Earthquake Analysis and Measurement

What is Earthquake Magnitude?

Magnitude is a measure of the strength of an earthquake, or the amount of strain that rocks in Earth’s crust release when an earthquake occurs. The Richter scale and the moment magnitude scale are used to measure the magnitude of earthquakes.

What is Earthquake Intensity?

Earthquake intensity is a measure of the effects of an earthquake in a particular place. Earthquake intensity is the severity of shaking felt due to an Earthquake. It decreases with its distance from epicentre.

Recording an Earthquake

The vibrations produced by earthquakes are detected and recorded by instruments called seismographs. The time of occurrence, the duration of shaking, the locations of the epicenter and focus, and estimates of the energy released can be obtained from data from seismographs set up around the world

Richter Scale

Richter Scale, method of ranking the strength or size of an earthquake. The Richter scale, also known as the local magnitude scale, was devised in 1935 by the American seismologist Charles F. Richter to rank earthquakes occurring in California. Richter and his associates later modified it to apply to earthquakes anywhere in the world.

The Richter scale ranks earthquakes based on how much the ground shakes 100 km (60 mi) from the earthquake’s epicenter, the site on the earth’s surface directly above the earthquake’s origin. The amount of ground movement is measured by an instrument called a seismograph. Seismographs can detect movements as small as about 0.00001 mm (about 0.000004 in) to movements as large as about 1 m (about 40 in). In order to deal with numbers in such a broad range, the Richter scale is a logarithmic scale—each increase of 1 on the Richter scale represents a tenfold increase in movement. Thus, an earthquake registering 7 on the scale is 10 times as strong as an earthquake registering 6, and the earth moves 10 times as far.

Moment magnitude Scale (Mw)

Today, seismologists prefer to use a different kind of magnitude scale, called the moment magnitude scale, to measure earthquakes. Seismologists calculate moment magnitude by measuring the seismic moment of an earthquake, or the earthquake’s strength based on a calculation of the area and the amount of displacement in the slip. The moment magnitude is obtained by multiplying these two measurements. It is more reliable for earthquakes that measure above magnitude 7 on other scales that refer only to part of the seismic waves, whereas the moment magnitude scale measures the total size. The moment magnitude of the 1995 Kobe, Japan, earthquake was a 7.0 moment magnitude; in comparison, the Richter magnitude was 6.8 for that tremor.

Modified Mercalli Scale

Modified Mercalli Scale, scale for measuring the intensity of earthquakes, adapted from the original Mercalli scale. The Mercalli scale was devised in 1902 by Italian seismologist Giuseppe Mercalli. American seismologists Harry O. Wood and Frank Neumann created the Modified Mercalli scale in 1931 to measure the intensity of earthquakes that occur in California. The Modified Mercalli scale, or a scale similar to it, is now used worldwide. The scale has 12 levels of intensity. Each level is defined by a group of observable earthquake effects, such as shaking of the ground and damage to structures such as buildings, roads, and bridges.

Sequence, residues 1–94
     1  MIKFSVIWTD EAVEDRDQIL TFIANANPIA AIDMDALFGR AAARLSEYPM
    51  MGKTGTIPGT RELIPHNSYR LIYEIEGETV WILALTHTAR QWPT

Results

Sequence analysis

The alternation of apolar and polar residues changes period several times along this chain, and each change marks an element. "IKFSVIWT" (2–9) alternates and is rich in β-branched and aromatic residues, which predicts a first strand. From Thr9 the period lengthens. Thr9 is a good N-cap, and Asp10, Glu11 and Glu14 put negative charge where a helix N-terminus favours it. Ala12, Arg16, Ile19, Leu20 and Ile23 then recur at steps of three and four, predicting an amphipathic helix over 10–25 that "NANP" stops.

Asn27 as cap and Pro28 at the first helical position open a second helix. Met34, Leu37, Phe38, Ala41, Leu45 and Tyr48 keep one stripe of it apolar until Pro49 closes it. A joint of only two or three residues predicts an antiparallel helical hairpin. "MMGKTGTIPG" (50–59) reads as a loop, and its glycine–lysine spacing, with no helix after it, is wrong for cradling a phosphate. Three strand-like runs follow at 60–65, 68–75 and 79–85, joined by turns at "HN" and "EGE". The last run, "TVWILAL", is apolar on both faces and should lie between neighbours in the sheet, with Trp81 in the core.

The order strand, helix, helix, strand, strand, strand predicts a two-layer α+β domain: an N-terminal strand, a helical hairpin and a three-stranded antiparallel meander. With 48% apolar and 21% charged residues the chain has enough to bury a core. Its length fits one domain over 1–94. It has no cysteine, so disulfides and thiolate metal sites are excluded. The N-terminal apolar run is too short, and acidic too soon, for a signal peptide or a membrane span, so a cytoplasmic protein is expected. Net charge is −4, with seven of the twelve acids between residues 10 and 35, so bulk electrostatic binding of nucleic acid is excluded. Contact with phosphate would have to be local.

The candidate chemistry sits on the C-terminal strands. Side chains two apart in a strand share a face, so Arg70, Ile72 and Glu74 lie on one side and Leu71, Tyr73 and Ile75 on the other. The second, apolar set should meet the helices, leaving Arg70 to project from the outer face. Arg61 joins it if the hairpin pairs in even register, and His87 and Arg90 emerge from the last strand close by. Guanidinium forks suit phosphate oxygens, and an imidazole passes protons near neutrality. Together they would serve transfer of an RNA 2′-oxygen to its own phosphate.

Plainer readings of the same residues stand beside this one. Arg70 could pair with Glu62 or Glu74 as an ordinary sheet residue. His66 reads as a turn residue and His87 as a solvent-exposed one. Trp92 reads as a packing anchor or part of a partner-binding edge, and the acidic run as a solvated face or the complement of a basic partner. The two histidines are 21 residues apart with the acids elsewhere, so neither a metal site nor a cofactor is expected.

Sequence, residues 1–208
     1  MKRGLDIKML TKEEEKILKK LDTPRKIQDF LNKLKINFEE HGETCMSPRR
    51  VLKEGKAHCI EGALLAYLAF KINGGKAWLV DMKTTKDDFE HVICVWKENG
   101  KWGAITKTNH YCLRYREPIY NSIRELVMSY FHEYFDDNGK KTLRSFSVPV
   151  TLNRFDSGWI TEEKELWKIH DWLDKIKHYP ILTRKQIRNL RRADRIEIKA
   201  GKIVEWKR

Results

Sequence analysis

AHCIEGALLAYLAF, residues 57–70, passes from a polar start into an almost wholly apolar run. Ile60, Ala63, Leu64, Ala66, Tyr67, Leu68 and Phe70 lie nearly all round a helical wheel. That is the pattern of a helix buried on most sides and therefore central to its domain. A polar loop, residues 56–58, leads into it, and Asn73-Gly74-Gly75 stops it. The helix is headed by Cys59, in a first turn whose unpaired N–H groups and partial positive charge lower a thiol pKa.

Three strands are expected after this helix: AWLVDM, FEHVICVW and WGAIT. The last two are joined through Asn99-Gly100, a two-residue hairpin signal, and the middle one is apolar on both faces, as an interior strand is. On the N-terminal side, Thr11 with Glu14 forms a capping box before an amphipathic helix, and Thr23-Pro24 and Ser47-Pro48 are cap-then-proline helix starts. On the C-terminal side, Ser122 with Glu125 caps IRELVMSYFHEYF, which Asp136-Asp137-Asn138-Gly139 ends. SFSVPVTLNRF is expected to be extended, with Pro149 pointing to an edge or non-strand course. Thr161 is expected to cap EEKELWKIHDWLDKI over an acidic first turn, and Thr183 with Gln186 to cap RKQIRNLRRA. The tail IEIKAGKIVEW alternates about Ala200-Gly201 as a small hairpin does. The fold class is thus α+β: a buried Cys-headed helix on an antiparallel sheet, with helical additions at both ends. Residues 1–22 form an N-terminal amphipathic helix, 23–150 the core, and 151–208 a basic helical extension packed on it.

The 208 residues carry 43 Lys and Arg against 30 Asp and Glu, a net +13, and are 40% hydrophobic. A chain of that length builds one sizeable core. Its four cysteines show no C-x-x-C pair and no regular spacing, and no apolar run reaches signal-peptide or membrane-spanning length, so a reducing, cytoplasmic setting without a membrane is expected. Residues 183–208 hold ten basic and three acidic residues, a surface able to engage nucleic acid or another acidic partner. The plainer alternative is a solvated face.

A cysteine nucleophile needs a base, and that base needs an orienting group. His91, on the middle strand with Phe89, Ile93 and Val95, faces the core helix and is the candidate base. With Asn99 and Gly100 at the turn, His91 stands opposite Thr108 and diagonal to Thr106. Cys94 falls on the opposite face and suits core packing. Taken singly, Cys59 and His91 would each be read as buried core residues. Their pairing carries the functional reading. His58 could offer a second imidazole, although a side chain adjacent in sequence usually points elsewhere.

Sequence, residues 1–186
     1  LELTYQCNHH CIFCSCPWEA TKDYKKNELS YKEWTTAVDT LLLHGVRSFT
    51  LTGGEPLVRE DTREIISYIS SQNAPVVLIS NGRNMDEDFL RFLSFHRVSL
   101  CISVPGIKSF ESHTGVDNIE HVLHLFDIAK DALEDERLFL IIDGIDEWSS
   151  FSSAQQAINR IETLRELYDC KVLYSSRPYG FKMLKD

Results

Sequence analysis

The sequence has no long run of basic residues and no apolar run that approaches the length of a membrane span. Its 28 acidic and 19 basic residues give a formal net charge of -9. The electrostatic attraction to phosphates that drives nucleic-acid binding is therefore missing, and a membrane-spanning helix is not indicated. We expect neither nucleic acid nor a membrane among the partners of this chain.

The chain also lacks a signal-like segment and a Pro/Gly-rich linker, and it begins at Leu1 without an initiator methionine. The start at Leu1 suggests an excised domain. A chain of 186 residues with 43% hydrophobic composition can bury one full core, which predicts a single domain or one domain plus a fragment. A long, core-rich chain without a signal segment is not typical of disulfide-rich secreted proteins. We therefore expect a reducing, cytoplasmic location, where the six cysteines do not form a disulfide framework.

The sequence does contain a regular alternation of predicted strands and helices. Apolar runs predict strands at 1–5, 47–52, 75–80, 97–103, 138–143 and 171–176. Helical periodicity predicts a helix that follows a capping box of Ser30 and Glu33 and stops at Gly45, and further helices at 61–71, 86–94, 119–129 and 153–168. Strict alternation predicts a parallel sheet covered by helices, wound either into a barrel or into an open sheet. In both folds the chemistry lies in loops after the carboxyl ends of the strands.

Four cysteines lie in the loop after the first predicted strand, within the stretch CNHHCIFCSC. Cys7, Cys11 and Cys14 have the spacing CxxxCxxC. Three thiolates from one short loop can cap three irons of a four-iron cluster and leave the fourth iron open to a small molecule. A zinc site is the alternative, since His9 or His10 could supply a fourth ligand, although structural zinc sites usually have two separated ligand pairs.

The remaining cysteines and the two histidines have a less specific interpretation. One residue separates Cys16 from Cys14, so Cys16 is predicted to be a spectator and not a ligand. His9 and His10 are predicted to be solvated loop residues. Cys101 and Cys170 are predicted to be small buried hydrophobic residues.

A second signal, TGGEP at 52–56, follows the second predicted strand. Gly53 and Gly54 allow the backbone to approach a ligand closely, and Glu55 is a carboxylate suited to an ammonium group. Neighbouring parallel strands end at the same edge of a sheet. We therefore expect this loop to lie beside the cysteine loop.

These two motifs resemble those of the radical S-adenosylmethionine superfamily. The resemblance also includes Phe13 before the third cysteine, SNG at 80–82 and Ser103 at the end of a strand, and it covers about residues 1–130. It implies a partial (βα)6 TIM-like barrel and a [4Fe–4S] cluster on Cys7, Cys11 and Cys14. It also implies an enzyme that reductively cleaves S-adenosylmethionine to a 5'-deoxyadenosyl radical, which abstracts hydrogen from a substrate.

The levels are designated by the Roman numerals I to XII. Levels I through VI are used to describe what people see and feel during a small to moderate earthquake. Levels VII through XII are used to describe damage to structures during a moderate to catastrophic earthquake. On average, about one earthquake of level X to XII occurs worldwide every year; 10 to 20 earthquakes of level VII through IX occur each year; and over 500 earthquakes of level I to VI occur every year. Each year over 100,000 earthquakes occur that are not noticed by the human population and therefore are not rated on the Modified Mercalli scale.

The Modified Mercalli Intensity Scale of 1931


Not felt except by very few people under especially favorable conditions.


Felt by a few people, especially those on upper floors of buildings. Suspended objects may swing.


Felt quite noticeably indoors. Many do not recognize it as an earthquake. Standing motorcars may rock slightly.


Felt by many who are indoors; felt by a few outdoors. At night, some awakened. Dishes, windows and doors rattle.


Felt by nearly everyone; many awakened. Some dishes and windows broken; some cracked plaster; unstable objects overturned.


Felt by everyone; many frightened and run outdoors. Some heavy furniture moved; some fallen plaster or damaged chimneys.


Most people alarmed and run outside. Damage negligible in well constructed buildings; considerable damage in poorly constructed buildings.


Damage slight in special designed structures; considerable in ordinary buildings; great in poorly built structures. Heavy furniture overturned. Chimneys, monuments, etc. may topple.


Damage considerable in specially designed structures. Buildings shift from foundations and collapse. Ground cracked. Underground pipes broken.


Some well-built wooden structures destroyed. Most masonry structures destroyed. Ground badly cracked. Landslides on steep slopes.


Few, if any, masonry structures remain standing. Railroad rails bent; bridges destroyed. Broad fissure in ground.


Virtually total destruction. Waves seen on ground; objects thrown into the air.

2 thoughts on “Earthquake Analysis and Measurement”

  1. You took the time to put some history about both the Richter Scale and the Mercalli Scale but not about the Moment Magnitude Scale?

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